Skype Critique — Paul’s M.Arch Portfolio Review

Paul has been preparing a portfolio for a Master of Architecture (M.Arch) program after completing a BFA in Painting. After studying his portfolio submission for an hour or so, I sent him my notes and got in touch with him on Skype. We chatted about his work for about two hours, discussing questions we had for each other about his work, concept, and presentation.

Artist: Paul / @defazio_art
Critique Format
: 2 Hours / Skype Messaging
Requested Feedback: Concept / Presentation / Portfolio Suggestions

This post is a short excerpt of our full discussion, and has been edited for readability. 

Paul's Portfolio CoverPages 1 and 2.

Ok, from the top – immediately there was a mixed impression of the overall aesthetic choice of the seemingly pixel-art cover and the slick studio photos following.

Ok so first I was a little puzzled about the relationship between the pixels and cube concept. I was looking for connections and ultimately found the connection, but not until the last textual notes towards the end of your portfolio.

The Kelley process, no? So anyways, I thought right away there was a disconnection.

I wondered if this is to be a printed and folded booklet or only to be viewed digitally. At first I thought print, but then some of the pages made me suspect otherwise.

There are a lot of vertically split panes of visual info and media, but as I went through the portfolio, it seemed not meant to be folded.

Yeah, should we dig into things one at a time or do you want to give me all the stuff and then we go back over it?

Let’s dig as we go, that seems conducive to this format~

perf. So I had questions for you about cover stuff too, bc I just kind of threw on the color, and it is the Kelley process like you said, but I think you’re right that it doesn’t make sense that the first image doesn’t come into play until the very end

We can go nonlinear here haha, because I had a suggestion with an “if then” clause.


My question first was whether the entire portfolio is currently chronological

Because the first half definitely is, but I wasn’t sure for the last works.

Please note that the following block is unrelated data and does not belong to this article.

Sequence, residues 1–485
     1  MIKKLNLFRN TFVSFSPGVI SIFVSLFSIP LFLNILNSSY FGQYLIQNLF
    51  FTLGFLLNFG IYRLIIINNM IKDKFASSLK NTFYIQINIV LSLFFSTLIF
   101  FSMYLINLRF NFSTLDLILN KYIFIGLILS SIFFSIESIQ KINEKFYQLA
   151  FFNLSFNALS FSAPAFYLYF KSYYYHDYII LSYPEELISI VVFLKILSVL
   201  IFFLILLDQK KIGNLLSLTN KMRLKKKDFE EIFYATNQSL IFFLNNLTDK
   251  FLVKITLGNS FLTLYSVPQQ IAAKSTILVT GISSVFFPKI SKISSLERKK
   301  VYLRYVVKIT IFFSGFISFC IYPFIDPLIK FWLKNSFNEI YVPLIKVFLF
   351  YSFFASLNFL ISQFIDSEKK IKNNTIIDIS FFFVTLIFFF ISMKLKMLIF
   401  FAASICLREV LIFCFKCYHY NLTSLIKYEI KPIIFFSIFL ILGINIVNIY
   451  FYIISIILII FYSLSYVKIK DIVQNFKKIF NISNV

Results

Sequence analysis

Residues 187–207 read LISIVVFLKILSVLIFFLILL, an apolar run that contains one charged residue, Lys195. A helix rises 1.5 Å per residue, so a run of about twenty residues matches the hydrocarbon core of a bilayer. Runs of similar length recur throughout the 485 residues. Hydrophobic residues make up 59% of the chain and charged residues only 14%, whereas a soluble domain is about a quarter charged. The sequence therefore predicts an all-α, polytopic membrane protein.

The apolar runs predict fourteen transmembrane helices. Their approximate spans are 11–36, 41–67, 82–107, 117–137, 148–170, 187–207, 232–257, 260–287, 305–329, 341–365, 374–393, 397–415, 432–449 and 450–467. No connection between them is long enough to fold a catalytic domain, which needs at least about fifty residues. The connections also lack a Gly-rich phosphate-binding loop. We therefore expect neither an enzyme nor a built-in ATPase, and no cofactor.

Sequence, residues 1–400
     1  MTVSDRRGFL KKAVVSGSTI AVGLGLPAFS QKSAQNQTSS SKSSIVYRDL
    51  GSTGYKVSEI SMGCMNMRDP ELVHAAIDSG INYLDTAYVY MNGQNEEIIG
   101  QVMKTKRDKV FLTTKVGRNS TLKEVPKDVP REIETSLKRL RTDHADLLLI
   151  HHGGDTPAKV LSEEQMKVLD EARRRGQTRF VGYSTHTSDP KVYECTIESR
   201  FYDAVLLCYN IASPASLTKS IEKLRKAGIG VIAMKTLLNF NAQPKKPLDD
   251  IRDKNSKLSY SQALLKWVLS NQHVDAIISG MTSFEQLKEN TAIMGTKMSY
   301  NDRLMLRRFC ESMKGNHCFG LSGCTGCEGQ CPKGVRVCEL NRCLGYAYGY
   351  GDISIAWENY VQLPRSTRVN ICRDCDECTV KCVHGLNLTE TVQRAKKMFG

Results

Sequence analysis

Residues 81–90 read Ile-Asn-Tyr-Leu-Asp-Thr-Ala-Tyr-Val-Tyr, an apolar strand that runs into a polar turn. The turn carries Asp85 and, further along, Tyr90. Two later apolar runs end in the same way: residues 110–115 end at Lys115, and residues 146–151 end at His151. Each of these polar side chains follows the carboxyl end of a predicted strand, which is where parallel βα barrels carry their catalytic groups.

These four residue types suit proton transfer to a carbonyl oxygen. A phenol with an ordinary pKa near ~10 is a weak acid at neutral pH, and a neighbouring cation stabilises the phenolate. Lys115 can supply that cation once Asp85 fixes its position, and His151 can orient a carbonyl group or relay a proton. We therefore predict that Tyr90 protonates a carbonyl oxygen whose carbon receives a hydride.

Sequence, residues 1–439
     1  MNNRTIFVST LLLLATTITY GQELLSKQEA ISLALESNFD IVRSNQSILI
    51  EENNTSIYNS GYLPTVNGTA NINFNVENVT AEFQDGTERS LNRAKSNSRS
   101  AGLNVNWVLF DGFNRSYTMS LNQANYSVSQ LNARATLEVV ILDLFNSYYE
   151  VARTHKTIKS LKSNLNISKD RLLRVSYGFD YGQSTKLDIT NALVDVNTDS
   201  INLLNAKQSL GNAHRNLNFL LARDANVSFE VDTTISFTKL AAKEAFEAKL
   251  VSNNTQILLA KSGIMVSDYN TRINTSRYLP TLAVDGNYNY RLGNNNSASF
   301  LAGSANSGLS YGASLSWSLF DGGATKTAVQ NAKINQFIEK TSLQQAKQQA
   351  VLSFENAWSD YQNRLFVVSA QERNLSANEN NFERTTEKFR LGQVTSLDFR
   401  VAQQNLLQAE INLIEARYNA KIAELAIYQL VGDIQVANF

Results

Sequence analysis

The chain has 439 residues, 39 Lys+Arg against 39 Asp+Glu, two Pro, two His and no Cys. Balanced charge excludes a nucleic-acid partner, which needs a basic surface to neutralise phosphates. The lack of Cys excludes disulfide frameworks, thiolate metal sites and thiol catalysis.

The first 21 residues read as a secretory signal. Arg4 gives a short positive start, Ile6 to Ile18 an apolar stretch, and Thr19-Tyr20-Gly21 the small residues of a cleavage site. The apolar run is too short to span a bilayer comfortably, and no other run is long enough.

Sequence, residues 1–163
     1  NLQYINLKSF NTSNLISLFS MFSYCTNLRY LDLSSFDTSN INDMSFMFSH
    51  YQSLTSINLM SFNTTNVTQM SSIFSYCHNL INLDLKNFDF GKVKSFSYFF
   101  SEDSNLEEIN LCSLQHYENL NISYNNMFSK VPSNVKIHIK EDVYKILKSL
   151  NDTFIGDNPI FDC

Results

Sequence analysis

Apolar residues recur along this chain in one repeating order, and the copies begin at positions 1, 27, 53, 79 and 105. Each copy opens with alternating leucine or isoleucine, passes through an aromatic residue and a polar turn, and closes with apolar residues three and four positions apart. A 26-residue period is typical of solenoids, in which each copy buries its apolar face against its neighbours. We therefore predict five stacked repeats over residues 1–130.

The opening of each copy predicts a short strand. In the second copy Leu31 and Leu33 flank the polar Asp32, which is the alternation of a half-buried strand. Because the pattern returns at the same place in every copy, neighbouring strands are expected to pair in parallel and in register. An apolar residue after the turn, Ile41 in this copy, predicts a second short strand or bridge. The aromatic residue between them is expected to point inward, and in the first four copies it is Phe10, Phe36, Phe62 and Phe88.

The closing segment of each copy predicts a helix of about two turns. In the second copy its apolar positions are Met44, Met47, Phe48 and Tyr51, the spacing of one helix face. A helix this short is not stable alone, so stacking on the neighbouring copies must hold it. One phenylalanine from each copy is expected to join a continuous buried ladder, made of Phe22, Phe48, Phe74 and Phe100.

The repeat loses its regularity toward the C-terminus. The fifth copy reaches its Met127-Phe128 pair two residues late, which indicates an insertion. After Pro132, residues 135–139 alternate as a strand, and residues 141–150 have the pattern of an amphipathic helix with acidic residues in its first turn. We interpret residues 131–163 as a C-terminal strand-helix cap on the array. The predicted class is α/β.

The first is chronological. The last section is kind of a series of experiments. What I was trying was dividing them into digital and physical manifestations of the same process

Ah, that makes sense. In that case, my suggestion is to start with the Kelley bits at the front, but in a color gradient that will flow to the studio pictures.

Also, the very last piece (which I love btw) seems to have no context? It didn’t seem to be Mod 1 2 or 3.

This is the last note of page 2.

Interesting. It is meant to be Mod 1. The values are random numbers going from 1-10

Ah, I thought it went vaguely mod 1, 2, 3, 4?, 5?

What threw me off was that mod 1 is described as a color geometry study, so I didn’t connect the achromatic pieces to it.

Also, it was the last piece and didn’t see to match the description of mod3, so I was a little lost but intrigued.

like you broke the physical pieces into mods

er, divided

Yes, def. Tho mod 3 and ‘4’ seemed to maybe be the same series or study?

Part of my biggest suggestion is to add more context. One of the most lovely pages was the introduction to Follies and the examples. It perfectly illustrated the concept, context, then examples.

My note for this is top middle of page 2.

I see it. That’s one of the biggest things I was wondering about

I don’t want to put an overwhelming amount of text and description, and some ambiguity is definitely good, but it sounds like seeing it for the first time it would’ve been more productive to have context

The bottom then shows my proposed order: cover, Kelley intro, mod1, mod3, mod’4′, mod2, then the cubes onward in the same order.

This way the cover aesthetic is immediately explained in context and the colors are slowly displayed in increasingly monochrome.

from chroma to achroma


I do think the graphic design is really strong btw. It would pose a challenge to redo text in smaller accompanying sections, but it would make the narrative easier to follow.

Because the “Phaidon” aesthetic is so lovely, and the RGB + black aesthetic is great too, but together they are a little dissonant.


Phaidon press, amazing quality art books.

Hm, yeah I agree. So I think that’s kind of bringing us to the general topic of how it’s organized

Yes. I think you need more context to explain the cube idea. The Folly intro is perfect.

Check out Paul’s work on Instagram:

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Founder of CritHub and multidisciplinary sculptor.